Let's see what these new widgets look like and what possibilities they give us.

📽 Video version available on YouTube and Odysee

CupertinoListTile & CupertinoListSection

If you want to try these widgets for yourself, the first thing you have to do is switch to the master channel. This is because these widgets have not yet been included in any official Flutter release:

flutter channel master && flutter upgrade

Now we will create a new application whose only target is iOS:

flutter create --platforms ios cupertino_lists

Open main.dart and remove the boilerplate code, we will also take the opportunity to replace the Material widgets with the Cupertino ones:

import 'package:flutter/cupertino.dart';

void main() {
  runApp(const App());
}

class App extends StatelessWidget {
  const App({super.key});

  @override
  Widget build(BuildContext context) {
    return const CupertinoApp(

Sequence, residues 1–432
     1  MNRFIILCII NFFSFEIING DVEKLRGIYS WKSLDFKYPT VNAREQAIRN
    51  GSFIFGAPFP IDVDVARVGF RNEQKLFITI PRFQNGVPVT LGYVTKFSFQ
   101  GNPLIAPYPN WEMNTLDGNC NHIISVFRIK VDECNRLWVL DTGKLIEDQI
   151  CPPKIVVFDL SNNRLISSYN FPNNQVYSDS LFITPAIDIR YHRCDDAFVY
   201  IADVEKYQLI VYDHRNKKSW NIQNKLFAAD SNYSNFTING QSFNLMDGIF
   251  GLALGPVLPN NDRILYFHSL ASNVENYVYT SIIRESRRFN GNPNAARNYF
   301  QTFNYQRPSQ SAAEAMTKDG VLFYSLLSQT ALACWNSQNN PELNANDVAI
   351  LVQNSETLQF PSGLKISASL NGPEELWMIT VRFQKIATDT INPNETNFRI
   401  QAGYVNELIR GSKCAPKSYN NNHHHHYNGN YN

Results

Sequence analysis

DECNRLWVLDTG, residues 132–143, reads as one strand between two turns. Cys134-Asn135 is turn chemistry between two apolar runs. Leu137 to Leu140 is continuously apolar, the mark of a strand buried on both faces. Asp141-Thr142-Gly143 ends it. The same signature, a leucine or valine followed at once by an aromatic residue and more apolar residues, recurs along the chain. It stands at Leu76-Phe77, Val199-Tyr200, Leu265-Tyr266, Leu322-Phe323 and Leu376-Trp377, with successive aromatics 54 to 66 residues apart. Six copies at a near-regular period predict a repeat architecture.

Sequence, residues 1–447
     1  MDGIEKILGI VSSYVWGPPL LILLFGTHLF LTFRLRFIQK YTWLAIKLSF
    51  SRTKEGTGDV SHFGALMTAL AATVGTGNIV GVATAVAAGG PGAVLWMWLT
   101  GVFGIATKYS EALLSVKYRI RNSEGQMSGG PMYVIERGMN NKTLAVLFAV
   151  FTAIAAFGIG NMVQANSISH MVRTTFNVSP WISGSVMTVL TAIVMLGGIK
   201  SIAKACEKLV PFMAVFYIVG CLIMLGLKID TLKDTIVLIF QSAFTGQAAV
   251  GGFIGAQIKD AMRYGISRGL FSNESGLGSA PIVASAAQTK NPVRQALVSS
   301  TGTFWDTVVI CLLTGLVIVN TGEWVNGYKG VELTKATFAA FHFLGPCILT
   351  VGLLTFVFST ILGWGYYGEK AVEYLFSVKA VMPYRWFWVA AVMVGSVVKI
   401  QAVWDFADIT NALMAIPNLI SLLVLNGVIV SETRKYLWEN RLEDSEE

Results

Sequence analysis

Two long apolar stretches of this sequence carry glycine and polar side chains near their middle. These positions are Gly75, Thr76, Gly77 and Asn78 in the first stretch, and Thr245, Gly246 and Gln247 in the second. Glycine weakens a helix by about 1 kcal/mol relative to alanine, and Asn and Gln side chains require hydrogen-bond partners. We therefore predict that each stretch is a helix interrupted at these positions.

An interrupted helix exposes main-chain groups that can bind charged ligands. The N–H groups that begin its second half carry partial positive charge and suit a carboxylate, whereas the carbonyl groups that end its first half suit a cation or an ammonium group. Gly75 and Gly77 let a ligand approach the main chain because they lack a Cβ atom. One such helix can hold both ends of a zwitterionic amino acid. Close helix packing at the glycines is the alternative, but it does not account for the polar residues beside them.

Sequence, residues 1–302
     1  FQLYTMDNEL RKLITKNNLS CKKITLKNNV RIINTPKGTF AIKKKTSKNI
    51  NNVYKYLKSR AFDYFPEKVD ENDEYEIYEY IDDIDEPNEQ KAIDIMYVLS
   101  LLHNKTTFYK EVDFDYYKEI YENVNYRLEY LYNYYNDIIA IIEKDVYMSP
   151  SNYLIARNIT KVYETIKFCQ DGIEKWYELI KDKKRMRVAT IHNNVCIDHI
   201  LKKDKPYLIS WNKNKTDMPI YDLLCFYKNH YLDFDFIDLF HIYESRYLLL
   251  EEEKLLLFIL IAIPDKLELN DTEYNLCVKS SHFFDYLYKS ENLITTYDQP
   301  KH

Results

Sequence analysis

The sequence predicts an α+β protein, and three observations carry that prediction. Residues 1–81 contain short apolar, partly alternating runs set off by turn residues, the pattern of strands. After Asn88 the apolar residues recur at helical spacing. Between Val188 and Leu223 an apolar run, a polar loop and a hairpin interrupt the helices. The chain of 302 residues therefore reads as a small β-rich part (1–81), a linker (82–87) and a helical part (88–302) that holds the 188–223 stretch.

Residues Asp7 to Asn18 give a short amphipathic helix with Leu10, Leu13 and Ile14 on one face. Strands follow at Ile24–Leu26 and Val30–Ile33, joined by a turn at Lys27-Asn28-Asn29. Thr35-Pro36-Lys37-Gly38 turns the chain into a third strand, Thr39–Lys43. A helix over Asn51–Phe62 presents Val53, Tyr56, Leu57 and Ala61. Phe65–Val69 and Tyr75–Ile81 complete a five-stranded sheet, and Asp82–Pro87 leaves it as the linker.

title: 'Cupertino Lists',
      home: MainScreen(),
    );
  }
}

class MainScreen extends StatelessWidget {
  const MainScreen({super.key});

  @override
  Widget build(BuildContext context) {
    return CupertinoPageScaffold(
      navigationBar: const CupertinoNavigationBar(
        middle: Text('Cupertino Lists'),
      ),
      child: Container(),
    );
  }
}

We are left with a simple empty screen:

Empty screen

We are going to include a list of elements of type CupertinoListTile. These elements must be encapsulated within a CupertinoListSection; if you try to add them in a ListView or similar you will see that they don't look as expected:

class MainScreen extends StatelessWidget {
  const MainScreen({super.key});

  @override
  Widget build(BuildContext context) {
    return CupertinoPageScaffold(
      navigationBar: const CupertinoNavigationBar(
        middle: Text('Cupertino Lists'),
      ),
      child: SafeArea(
        child: CupertinoListSection(
          children: List.generate(